- 1 Player
- HDTV 720p/1080p/1080i
- Open World Setting
Recently a couple of us COG (Canadian Online Gamers) staffers had a chance to check out a hands-off demo of “The Amazing Spider-Man” at E3 in LA earlier this month (June, 2012). The demo lasted about 20-minutes and certainly had us impressed. Not only did the game look great but it appeared as though the franchise was headed back in the right direction where Spidey truly thrives – an open world free roaming environment where there is more web slinging action than you can shake a stick at. The Spider-Man video game franchise has seen some ups and downs over the past years, and with the big-screen movie Spidey about to get a reboot, with a new movie launching in just over a week, the timing is perfect for the video game franchise to get one too. So does The Amazing Spider-Man deliver that definitive Spider-Man gaming experience I have been craving for years? Well the short answer is no; however, this is about as much fun as I have had with the web slinging hero since I can remember.
Before I get into the ‘nuts and bolts’ of the game, I should start off by telling you The Amazing Spider-Man features no cooperative gameplay or multiplayer component at all (offline or online). As a result, this review will focus solely on the game’s single player aspect which is unfortunately all that is offered. Sure there is some extra content in the menus you can view, yet I have to admit I was a little disappointed by the lack of a co-operative mode as I was really looking forward to some co-op web slinging action with my daughter. This being said, The Amazing Spider-Man’s single player campaign is packed full of content and is a game that is about as rich in content as any other open world game I have played in recent memory. It will take you anywhere from 12-25 hours to play so do not be fooled by the lack of additional modes.
The Amazing Spider-Man game occurs after the events of the big screen movie. Oscorp executive Alistair Smythe is in the midst of creating some cross-species experiments. Alistair uses the research of Dr. Curt Connor, otherwise known as The Lizard, for these experiments. Naturally, these experiments start to go sideways and the “cross-species experiments” escape causing chaos in New York City and cause citizens to become infected. In attempt to take down and control the cross-species, Alistair develops some oversized robots; however, they merely end up doing more harm than good. Spider-Man remains the last resort as the cities civilians are becoming infected by the minute, the “experiments” continue to run amok, and the robots have failed to co-operate.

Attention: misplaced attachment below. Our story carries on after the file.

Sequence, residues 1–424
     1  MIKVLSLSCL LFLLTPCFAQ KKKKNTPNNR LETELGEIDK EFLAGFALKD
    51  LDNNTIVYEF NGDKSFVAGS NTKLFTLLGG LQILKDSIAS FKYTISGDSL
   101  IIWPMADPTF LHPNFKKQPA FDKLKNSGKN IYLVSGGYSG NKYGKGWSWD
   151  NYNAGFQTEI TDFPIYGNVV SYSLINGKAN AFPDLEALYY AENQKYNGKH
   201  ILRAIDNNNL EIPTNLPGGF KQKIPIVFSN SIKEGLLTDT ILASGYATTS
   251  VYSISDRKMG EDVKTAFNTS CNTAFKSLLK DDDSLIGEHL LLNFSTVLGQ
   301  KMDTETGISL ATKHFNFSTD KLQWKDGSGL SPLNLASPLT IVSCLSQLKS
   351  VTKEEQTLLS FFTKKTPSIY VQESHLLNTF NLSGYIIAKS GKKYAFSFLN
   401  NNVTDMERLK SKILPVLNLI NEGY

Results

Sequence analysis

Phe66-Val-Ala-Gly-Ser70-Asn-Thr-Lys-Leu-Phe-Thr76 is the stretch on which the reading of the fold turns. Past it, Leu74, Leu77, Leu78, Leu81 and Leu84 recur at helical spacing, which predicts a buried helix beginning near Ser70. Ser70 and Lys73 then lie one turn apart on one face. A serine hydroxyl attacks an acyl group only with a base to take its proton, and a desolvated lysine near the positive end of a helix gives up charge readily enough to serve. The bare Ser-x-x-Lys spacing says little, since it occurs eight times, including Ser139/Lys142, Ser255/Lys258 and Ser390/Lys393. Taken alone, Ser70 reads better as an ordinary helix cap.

As far as storylines go, The Amazing Spider-Man is decent. The narrative is compelling and I did find the dialogue entertaining. It picks up where the movie leaves off and it expands upon the Spider-Man universe. The story essentially leads you down the path of “what happens next”. The idea here is that you watch the movie, come home, and stay immersed in the Spider-Man universe by playing the game. All in all, the story is able to do just that as I found myself immersed in it while wondering what villain I would encounter next. The story was able keep my interests up, but like most Spider-Man games it is not a critical component to the gameplay.
Much like Spider-Man Web of Shadows, The Amazing Spider-Man allows you to free roam the virtual re-created New York City by swinging from building to building while taking on the single player chapters (13 in total), stopping petty crimes, collecting comic book pages, taking photographs, infiltrating heavily secured labs, completing various challenges, stopping car chases, investigating a disturbance in a sewer, saving infected civilians, etc. Needless to say I was impressed with the amount of variety in the game and the amount of things you can do is incredible. In several instances I found myself just killing time collecting comic book pages, which are scattered throughout the city. I would look up at the clock and realize I just wasted over an hour doing this. With all the things you can do in the game completionists will likely need 30-hours or so to finish every aspect of the game.
In terms of the 13-chapter single player progression, I was surprised with how difficult it was. I found myself using every one of Spider-Man’s attacks and frequently employed the use of my “Web Rush” in order to survive. Granted many areas are a breeze, but do not kid yourself many areas are a challenge and you will have use every tool on Spidey’s tool belt in order to progress.